To sum it all up, the Hairies are in trouble! The world of man mistrusts and fears those who live by patterns considered foolish and unworkable and clear of conflict. It isn’t natural! It has no strength, no obvious invincibility! The Hairies are weak, treacherous, unpredictable, little bleeding hearts! Someone had better take them in tow and stop them before they become a menace! After all, they’re not like us. Why take a chance onletting them grow larger, expand to the point of colliding with our power? Get them now! Kill the Hairies and kill our fear. It would be easy to do — now!

I felt great, writing that! It made me feel that all’s right with the world, that my place in it was secure. It made me feel like a man!!!

(I assume the above is ©1970 National Periodical Publications. Boldface emphasis on Jack’s original. This appears, of course, for research purposes only and is not intended as copyright infringement. — JBC)

9 thoughts on “Day 18: The Hairies!

  1. R Drew

    One of the things that continues to fascinate me about Kirby’s Fourth World is the undeveloped nature of it all. So many tantalizing glimpses of concepts and characters that suggest a much broader unseen tapestry that must forever remain a mystery. I believe Kirby worked very intuitively, and as a result lacked a definitive understanding of some of his own concepts. This leaves them open to the interpretation of the reader, resulting in a more personal and compelling reading experience. As I re-read these stories over the years, I seem to discover something new each time, something that was always there on the page, but not yet within the scope of my life experience to understand. This is why, as much as I love his Marvel work with Lee, it is Kirby’s solo work, especially The Fourth World Saga that continues to speak to me, no matter how old or jaded I become.

  2. JonBCooke Post author

    I agree completely. In response to your reply, R.D., I was just searching for a quote I recently read about periodically re-reading The Fourth World series through life and, of course I’m paraphrasing here (because I can’t find the darned quotation!), it basically said, “When you go back you see things you haven’t before and it’s not the stories that have changed, it’s you.” Truer words…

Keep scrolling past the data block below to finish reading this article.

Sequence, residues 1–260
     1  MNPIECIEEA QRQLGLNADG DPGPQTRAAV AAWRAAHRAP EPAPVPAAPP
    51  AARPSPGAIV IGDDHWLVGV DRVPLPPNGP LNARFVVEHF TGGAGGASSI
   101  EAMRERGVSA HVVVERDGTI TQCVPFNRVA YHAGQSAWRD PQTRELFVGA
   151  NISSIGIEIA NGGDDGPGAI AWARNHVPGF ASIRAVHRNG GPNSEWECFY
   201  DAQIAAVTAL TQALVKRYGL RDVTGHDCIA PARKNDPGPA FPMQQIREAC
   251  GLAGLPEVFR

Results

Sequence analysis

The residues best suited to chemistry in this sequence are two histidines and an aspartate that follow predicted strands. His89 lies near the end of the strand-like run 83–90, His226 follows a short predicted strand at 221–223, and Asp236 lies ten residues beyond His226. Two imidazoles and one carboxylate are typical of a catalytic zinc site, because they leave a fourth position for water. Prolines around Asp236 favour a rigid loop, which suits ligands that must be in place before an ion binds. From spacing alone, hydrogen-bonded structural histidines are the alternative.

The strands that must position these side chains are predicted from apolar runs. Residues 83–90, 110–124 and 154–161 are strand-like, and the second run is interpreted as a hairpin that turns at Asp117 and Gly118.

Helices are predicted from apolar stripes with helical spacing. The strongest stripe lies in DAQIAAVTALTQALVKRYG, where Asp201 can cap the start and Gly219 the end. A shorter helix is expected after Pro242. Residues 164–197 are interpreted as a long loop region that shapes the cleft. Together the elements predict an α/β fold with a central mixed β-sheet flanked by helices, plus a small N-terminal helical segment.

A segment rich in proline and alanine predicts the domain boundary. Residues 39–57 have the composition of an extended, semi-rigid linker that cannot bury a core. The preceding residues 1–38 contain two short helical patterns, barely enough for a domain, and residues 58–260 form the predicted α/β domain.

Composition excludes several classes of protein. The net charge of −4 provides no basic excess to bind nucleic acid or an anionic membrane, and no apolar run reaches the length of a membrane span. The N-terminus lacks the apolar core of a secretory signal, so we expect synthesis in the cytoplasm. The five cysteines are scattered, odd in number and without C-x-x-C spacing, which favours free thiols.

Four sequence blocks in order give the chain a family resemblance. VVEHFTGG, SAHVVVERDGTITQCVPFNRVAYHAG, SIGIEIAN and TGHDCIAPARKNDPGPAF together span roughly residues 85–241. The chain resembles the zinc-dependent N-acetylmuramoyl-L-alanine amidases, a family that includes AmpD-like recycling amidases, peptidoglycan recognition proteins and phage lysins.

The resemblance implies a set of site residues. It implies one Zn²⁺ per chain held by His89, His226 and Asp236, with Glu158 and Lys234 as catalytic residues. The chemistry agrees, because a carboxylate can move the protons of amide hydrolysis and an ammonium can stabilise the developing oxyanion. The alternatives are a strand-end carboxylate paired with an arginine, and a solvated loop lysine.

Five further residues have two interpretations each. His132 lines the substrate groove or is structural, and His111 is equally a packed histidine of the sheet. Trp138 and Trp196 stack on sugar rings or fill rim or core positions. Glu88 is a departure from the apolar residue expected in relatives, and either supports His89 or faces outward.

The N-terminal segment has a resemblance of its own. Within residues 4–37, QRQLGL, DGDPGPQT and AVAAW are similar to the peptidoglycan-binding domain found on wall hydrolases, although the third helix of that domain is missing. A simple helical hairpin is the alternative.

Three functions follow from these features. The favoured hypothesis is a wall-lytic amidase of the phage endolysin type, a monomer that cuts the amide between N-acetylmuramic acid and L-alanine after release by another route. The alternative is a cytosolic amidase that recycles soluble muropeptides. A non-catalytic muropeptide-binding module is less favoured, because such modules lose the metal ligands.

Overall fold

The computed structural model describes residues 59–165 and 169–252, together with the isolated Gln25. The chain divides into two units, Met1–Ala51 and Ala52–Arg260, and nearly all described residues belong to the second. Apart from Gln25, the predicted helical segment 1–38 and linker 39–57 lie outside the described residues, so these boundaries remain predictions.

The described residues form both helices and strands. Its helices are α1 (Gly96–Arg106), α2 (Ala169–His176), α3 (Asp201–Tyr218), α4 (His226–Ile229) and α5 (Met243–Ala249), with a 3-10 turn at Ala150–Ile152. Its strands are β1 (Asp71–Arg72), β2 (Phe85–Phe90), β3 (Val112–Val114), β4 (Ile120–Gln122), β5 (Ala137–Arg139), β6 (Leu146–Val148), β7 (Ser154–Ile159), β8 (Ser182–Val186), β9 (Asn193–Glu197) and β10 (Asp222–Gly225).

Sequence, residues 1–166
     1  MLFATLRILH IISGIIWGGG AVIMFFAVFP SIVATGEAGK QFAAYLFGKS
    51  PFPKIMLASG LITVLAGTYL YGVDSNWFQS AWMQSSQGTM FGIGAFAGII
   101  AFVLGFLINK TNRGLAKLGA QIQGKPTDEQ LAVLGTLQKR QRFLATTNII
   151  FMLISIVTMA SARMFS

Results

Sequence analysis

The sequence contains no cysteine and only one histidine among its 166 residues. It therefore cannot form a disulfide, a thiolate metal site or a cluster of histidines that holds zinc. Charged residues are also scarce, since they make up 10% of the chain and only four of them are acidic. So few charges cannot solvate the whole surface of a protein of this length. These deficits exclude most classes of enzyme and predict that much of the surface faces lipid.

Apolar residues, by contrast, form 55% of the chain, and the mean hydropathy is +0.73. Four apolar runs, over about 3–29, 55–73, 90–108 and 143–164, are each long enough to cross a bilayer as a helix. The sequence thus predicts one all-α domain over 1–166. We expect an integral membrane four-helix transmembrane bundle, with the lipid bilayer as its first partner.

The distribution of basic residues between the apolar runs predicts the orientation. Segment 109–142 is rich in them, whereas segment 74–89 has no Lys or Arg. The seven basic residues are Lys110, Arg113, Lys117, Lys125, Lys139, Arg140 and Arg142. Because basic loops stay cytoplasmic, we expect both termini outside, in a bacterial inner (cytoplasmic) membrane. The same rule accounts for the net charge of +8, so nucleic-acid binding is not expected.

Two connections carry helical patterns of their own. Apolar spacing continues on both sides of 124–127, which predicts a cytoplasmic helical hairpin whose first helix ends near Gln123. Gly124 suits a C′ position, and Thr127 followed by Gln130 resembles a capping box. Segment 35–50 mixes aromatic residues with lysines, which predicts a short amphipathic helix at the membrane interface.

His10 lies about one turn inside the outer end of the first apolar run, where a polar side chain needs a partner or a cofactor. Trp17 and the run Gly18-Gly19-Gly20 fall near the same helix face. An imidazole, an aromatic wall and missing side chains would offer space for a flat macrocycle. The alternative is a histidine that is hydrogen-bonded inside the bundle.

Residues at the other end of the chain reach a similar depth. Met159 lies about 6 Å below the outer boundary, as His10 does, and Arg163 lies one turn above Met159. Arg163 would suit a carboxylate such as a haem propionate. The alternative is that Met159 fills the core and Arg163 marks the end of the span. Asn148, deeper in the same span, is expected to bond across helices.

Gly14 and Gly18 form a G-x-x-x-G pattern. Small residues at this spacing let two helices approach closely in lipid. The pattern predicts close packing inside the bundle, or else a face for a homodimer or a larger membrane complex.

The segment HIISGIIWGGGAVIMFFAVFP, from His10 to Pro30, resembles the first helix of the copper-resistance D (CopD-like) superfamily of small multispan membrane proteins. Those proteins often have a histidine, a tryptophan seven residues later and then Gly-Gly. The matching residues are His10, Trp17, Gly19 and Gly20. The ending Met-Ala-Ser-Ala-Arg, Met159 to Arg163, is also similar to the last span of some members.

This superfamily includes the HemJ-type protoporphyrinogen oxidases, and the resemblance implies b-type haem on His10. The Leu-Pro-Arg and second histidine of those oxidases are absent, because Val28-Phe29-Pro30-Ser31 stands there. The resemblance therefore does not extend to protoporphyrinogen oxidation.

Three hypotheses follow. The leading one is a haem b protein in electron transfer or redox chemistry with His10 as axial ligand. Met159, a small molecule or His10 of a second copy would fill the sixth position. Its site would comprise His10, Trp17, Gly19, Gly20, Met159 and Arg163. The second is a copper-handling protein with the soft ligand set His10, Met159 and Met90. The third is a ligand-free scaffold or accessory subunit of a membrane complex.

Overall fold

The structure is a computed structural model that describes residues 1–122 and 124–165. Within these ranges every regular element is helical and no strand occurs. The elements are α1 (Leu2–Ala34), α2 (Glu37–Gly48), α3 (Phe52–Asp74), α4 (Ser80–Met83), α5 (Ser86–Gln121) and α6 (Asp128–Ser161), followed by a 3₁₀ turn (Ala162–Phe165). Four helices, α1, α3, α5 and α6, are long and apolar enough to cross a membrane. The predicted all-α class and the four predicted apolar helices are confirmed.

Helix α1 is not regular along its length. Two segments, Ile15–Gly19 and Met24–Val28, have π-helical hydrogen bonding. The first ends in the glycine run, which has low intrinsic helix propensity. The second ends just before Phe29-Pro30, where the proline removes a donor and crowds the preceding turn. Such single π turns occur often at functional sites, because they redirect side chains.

1. Mike Hill

      “So stop reading this pedestrian, Earthbound foreword. Go dive into the extraordinary world of Orion, Lightray, Metron, Highfather, Darkseid, and all the rest, along with Jack’s most incredible creation — himself. He’s in there as much as any of them. Just read between the panels.

      “Then do yourself this favor. Come back to this book in a few months and read it again. Then read it again a few months later and over and over, as many times as you like. I’ll bet that with every visit, you find something that wasn’t there the time before. But remember it isn’t the book that’s changing. It’s you.”

      — Mark Evanier, Introduction, Jack Kirby’s New Gods (the grey washtone edition), 1998

  3. patrick ford


    First off I would urge you to keep posting the whole of Kirby’s text pieces. Rand really ought to post them in their own “Wild Area” at the Museum site.

    It isn’t my impression Kirby (or the Hairies) are endorsing the work being done at “The Project.”

    Kirby was certainly aware of the down side of opening Pandora’s Box. The Evil Factory is clear evidence of another (4) arms race.

    In Jimmy Olsen #135, Superman compares The Project to The Manhattan Project.

    In issue #136, Jimmy Olsen comments to Superman, “Do you realize what weird, and perhaps dangerous channels are being probed here?”

    Superman’s answer confirms Olsen’s concerns: “I’m thinking of our hidden enemy. What can he be doing with the stolen human cells.”

    My understanding is Superman (like Kirby, and the Hairies) sees all the potential pit falls. Superman simply isn’t going to side against the U.S. government, the Hairies being a product of The Project are born into it. I think there are many instances in life where people become involved in situations where they might be philosophically opposed to the work being done, but will become involved in hopes of influencing the direction of the project. This was certainly part of the attitude of some of the scientists involved in the Manhattan Project.

    The Hairies certainly stand in stark contrast to the rigid military forces inside The Project. Having been created, they have the options of walking away, opposing the project with force, or sticking around in an attempt to guide the project in a benevolent direction.

  4. JonBCooke Post author

    It is funny how benevolent we generally viewed the government, during WWII and the space missions, to name two periods, but with the Pentagon Papers and Watergate, that frayed around the edges to the point where, in major motion pictures, for instance, there’s almost always a vast government conspiracy… It’s cliche now, and sad, too. Now it is a part of political discourse…

    But, loathe be I to go there right now! No “Founding Fathers” stuff here; let’s get back to the Highfather!

  5. patrick ford


    One of my frequent errors slipped past your green visor. It’s JO #136 where Jimmy expresses his concerns to Superman.

    1. JonBCooke Post author

      Yeah, I suspected the ish number was a mistaken redundancy, Pat, but didn’t have time to check. Maybe I should hold off approving ’til I fact-check…? Naaahhhh, I’m having too much fun!